What is a Power of Attorney?

Generally speaking, a Power of Attorney is a document in which you (the “principal”) designate someone to act for you (the “agent”), either for your convenience or because you become physically or mentally incapacitated. Under a financial power of attorney document, you appoint an agent to handle your financial affairs-for example, pay your bills or handle your bank accounts, real estate, business interests, IRAs, other retirement accounts, and insurance. A power of attorney may also authorize your agent to make gifts on your behalf or create or change a retirement plan or insurance beneficiaries, among other things. Given those broad powers, your agent must be someone you trust, such as your spouse, your child(ren), or a trusted friend. Generally, Pennsylvania law requires i) the principal of a financial power of attorney to sign the statutorily required notice, ii) the principal’s signature or mark to be witnessed by two individuals (not the agent or the notary) and acknowledged before a notary public, and iii) the agent to sign the approved acknowledgment to essentially act in good faith. The agent must act in accordance with, and within the scope of, the specific powers set forth, act in accordance with the principal’s reasonable expectations, if known, and, otherwise, act in the principal’s best interests. The Power of Attorney remains in effect unless and until revoked by the principal or by court order. The agent’s authority to act under the Power of Attorney ceases upon the principal’s death.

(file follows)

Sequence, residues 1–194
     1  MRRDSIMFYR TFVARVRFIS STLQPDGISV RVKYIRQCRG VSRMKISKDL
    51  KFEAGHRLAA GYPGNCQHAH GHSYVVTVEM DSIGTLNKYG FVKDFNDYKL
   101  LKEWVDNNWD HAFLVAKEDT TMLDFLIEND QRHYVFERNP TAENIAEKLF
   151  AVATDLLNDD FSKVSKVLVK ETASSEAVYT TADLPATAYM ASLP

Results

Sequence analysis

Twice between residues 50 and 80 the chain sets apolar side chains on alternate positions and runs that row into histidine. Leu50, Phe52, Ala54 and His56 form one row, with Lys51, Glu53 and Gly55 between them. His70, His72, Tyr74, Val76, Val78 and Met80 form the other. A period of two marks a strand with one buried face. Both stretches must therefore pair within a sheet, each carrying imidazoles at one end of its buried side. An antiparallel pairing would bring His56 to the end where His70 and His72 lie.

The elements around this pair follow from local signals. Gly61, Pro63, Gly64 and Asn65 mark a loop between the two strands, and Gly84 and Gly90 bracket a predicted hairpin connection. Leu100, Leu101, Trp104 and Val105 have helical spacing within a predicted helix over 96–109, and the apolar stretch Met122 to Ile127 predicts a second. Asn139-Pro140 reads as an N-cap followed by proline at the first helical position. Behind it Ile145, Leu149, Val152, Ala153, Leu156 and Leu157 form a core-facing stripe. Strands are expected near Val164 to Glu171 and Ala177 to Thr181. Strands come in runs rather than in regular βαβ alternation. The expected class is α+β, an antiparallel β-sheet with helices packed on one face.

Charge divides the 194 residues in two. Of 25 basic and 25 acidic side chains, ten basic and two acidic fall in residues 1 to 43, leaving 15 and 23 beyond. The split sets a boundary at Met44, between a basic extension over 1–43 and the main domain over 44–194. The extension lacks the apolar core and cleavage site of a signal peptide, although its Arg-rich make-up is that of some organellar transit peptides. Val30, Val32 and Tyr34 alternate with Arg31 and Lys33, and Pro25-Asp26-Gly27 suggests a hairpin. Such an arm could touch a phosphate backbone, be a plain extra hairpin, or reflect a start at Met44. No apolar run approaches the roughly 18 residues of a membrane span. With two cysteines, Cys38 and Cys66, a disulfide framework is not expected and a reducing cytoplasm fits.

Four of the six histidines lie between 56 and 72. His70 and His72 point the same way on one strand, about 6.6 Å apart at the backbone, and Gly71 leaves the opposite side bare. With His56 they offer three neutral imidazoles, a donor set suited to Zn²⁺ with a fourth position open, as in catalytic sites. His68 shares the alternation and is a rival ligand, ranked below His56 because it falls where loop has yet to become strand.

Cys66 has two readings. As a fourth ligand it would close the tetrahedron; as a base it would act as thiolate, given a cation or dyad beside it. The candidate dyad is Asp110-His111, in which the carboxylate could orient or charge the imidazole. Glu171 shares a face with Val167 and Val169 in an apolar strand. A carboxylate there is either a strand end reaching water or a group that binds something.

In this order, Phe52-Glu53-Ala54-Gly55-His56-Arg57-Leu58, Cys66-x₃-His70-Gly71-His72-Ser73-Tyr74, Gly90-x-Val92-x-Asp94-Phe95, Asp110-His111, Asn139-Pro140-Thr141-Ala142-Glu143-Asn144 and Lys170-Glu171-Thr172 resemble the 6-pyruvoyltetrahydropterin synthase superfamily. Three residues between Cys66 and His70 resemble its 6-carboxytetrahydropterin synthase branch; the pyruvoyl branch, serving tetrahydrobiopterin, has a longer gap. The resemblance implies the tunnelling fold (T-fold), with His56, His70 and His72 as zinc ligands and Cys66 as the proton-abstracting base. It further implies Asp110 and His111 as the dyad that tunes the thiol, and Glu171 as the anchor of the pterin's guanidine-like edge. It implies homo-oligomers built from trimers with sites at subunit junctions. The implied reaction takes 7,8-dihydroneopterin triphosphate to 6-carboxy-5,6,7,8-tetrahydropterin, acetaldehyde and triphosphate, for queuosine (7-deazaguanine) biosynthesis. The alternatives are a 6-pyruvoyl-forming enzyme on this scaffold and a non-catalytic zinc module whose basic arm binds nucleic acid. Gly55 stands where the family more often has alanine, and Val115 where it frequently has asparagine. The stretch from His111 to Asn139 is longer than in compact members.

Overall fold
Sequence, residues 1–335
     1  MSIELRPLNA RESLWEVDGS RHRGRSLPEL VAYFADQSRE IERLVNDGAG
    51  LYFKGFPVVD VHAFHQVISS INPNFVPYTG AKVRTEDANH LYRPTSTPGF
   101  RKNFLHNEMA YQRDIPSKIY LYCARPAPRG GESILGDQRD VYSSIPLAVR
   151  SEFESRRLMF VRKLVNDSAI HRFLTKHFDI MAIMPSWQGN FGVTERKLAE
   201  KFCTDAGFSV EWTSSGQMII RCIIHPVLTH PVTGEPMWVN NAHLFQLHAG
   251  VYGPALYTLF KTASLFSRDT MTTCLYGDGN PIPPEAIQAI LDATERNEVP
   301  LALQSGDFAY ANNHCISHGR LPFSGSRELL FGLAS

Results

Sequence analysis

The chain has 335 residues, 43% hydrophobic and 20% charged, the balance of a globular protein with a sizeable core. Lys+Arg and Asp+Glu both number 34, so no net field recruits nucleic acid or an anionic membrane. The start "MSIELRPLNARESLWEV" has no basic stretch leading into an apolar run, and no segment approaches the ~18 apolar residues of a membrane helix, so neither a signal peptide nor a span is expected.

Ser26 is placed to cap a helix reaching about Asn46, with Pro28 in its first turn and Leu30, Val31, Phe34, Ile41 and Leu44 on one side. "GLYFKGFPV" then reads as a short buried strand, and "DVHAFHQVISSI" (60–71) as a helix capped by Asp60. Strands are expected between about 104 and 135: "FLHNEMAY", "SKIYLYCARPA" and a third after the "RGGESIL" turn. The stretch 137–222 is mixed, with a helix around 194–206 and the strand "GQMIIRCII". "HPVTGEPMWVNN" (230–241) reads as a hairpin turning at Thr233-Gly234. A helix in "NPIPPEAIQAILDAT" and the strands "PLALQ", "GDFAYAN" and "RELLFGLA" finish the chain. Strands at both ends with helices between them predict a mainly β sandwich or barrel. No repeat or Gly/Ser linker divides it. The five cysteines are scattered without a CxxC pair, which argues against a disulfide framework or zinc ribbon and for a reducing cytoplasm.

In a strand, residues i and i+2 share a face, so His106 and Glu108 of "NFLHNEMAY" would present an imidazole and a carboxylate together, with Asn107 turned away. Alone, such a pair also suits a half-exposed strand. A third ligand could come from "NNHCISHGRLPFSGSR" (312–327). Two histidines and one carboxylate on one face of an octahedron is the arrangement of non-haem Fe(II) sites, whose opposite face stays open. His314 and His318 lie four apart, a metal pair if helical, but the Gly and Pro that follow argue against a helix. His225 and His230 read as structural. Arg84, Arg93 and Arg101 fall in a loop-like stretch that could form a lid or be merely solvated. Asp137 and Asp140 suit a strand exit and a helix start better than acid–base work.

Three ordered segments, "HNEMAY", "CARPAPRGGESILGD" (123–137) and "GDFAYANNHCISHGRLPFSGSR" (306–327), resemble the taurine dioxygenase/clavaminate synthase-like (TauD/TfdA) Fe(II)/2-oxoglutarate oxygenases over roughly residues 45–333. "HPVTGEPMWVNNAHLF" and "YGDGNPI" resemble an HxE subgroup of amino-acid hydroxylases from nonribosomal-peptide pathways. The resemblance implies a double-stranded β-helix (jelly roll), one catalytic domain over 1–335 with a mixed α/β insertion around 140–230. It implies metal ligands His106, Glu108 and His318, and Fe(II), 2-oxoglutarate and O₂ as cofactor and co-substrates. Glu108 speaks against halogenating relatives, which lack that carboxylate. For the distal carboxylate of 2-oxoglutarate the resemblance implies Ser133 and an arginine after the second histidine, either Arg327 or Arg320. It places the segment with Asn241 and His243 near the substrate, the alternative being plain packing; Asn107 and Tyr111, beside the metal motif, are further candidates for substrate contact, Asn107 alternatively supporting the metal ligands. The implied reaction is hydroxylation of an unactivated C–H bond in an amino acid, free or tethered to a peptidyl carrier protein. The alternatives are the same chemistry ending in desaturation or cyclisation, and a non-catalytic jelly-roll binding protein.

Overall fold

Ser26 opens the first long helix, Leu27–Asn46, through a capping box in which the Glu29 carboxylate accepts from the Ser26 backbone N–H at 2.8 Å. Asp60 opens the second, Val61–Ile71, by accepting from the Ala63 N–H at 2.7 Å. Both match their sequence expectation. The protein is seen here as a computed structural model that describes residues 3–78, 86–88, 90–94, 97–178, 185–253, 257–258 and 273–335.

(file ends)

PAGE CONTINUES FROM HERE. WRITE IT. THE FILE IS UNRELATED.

What makes a Power of Attorney durable?

In the context of a Power of Attorney, Durable means the powers conferred upon the agent are exercisable even if the principal subsequently becomes disabled or incapacitated. Under Pennsylvania law, and absent language to the contrary, all powers of attorney are presumed to be durable.

What are Some Benefits of a Power of Attorney?

Choosing your agent.  For the vast majority of us, it is critically important that we decide who makes decisions on our behalf. Most of us would rather name and appoint our agent(s) to handle our finances and make financial decisions for us, rather than rely upon the court to later appoint a guardian (who you may not even know) to do so. By creating a Power of Attorney, you control who will act for you and can consider the specific powers or limitations of your agent, the best person for the position given your particular assets and circumstances, as well as give thought to your particular family dynamics, such as a second family situation. The power to select an agent of your choosing cannot be overstated.